He managed to calm down in the end, the craftsman managed to bring him to his senses. He took him out of the sunlight, leant him by a tree, cleaned his face with his own handkerchief. When he went back to the church to wait for the others, he left him almost peaceful. He had hollow eyes and dark circles, he had trouble breathing, as if he had inhaled dust, and his body was trembling. The young man told him «That’s enough.»
The next day they found him in the same place, still on the ground. But his face was covered in blood and his body by stone blocks. He lay down by the wall and let his own work burry him.
The craftsman sights heavily when he finishes the story, gives me another glance and then moves along, saying that his pause was already too long and he had work to do. I was petrified by what I’ve learnt, by the early death of a young boy pained by the fact that his work couldn’t survive. It was dying before him every day. And I think he was dying along. Probably the boy had died long time before the stones crushed his body.
I look at the craftsman leaving. The stone had been waiting for him a while.
When I get back, I look at the church again. I was expecting to see the fallen walls, a body struggling next to them, maybe crying for help. Or maybe it would be quiet, waiting for all to end. But every trace of such an accident was long gone. Now, walls are complete, the insertions on the cornice shadowed by the framing. Windows found their place.
I still fell drawn towards the church. Surrounded by the same discrete whistle, it calls for me. I want to know it, to understand it.
I rush towards it. I’m afraid I could meet somebody else. What stories would they tell me? Thinking about what I’ve learnt so far, I figure I’d be better of not knowing. I want to look at the miracle before me without thinking about how many people lost their lives for its making.
The last sacrifice. Family
I stop for a moment. I can’t hear anything. But looking around, I can see agitated people, workers up on the scaffolds, I can see hammers hitting stone. What’s happening? Why can’t I hear anything?
And then I hear it. It’s like it’s breathing on my neck, I can feel the warmth, it tickles me. I turn around and I can’t see a thing. I try to figure out who would try to scare me. Nothing.
Before it stopped, but now I can hear it again. It comes from the monastery. It breaths heavily, as if suffocating. There’s no more air, but it tries.
A short, greedy inhale, an exhale. I can hear an accelerated heartbeat. It’s frightened. It’ll suffocate! I run towards the place I think I hear it from. I’m pulling people’s hand, begging them to help me. «Somebody’s suffocating» I beg. But they look at me indifferently. They shove me around, I stumble, but I still want to make it on time. I look up to the church and I’m blinded. Sunlight reflects on stone. I look down, and when I look again, an old man’s sitting in my path.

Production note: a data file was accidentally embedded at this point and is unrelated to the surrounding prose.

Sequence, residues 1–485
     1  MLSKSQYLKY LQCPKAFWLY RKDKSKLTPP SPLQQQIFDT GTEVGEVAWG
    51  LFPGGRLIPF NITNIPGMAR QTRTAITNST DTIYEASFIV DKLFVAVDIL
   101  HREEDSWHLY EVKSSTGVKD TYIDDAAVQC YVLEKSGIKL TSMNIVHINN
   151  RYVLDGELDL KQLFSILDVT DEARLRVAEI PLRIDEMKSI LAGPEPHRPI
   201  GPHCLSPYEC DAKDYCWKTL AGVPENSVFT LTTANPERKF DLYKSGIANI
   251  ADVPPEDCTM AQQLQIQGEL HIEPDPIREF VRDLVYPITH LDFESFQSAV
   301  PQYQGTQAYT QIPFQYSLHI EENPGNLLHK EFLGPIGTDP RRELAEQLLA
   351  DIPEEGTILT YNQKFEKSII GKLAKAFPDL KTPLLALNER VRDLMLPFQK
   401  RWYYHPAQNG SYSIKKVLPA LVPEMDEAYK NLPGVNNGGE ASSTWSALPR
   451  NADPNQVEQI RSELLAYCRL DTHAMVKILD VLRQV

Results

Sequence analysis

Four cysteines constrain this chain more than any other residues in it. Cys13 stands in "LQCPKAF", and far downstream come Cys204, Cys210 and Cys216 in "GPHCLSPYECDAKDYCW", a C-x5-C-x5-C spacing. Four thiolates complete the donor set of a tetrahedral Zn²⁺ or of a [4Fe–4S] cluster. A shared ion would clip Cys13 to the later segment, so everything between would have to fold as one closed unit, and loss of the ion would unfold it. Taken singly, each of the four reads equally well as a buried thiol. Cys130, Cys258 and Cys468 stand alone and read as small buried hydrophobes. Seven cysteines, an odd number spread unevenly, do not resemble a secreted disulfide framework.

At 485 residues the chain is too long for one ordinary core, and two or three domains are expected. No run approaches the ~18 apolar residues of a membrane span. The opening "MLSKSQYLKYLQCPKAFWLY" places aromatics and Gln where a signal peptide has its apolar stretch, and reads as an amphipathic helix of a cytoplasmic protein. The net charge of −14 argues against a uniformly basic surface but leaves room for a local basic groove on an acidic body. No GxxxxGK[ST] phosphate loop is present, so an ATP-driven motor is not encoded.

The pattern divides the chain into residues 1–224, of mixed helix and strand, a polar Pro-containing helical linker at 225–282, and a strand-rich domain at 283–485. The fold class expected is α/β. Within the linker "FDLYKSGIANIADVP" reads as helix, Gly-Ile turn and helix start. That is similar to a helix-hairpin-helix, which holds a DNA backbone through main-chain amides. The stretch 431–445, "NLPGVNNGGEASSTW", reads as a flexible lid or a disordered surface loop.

I stop. I feel like I know him forever.
It’s Manole. Surely it’s Manole. His face is sweaty and burnt by the sun. His eyes are shoved in his orbits and seem hollow. He’s always working, splitting stone, and sometimes he even tells others what to do and how to do it. Somehow he seems to be leading the site, everyone following his word. When coming close to him, all the other workers look down in respect.
He must be a man you rarely find.
I interrupt him and praise him for his work, for how well the site is going and for the monastery’s state. He gives me a sad look, nods and whispers «I did what I had to». I think that it was a thought out loud than a response for me. Now I watch him leave with his shoulders dropped. Next to me, I seem to hear again that ragged breathing, those suffocated lungs and that mad heart. Somewhere next to me somebody’s dying.
After sacrifices. Death
I step on the stone floor, and it seems to be just me, my steps are the only sound in that deep silence. I can’t feel the sun, I can’t feel the wind. I can’t hear the people anymore. The whole church is wrapped in the worm light entering through the window hollows. Calm and peace.
I close my eyes and breath slowly, and when I open them again, that dream picture I’ve seen a moment ago disappears; I lift my eyes up to the sky and I see its infinite blue; the roof is no more. The walls are stained with blood, and there are human skeletons around, leaning by the walls, laying on the cracked floor, soiled with mud. The windows are broken, glass pieces everywhere on the floor. Outside, I can hear the hammers hitting, people screaming, a relentless turmoil. The air is hot and my throat is hoarse, full of dust and heat. I can barely keep my eyes open in all that dust and sunlight.
And now and then, I can hear another wall falling.
Time passes by me.
I hear steps, people walking into the church. I turn around fast, I want to tell them not to look, to leave, that it hurts too much, that everything is too cruel, too painful, too unforgivable. But when I look at their faces, I find them smiling, and I can hear somebody say: «What a beautiful church!»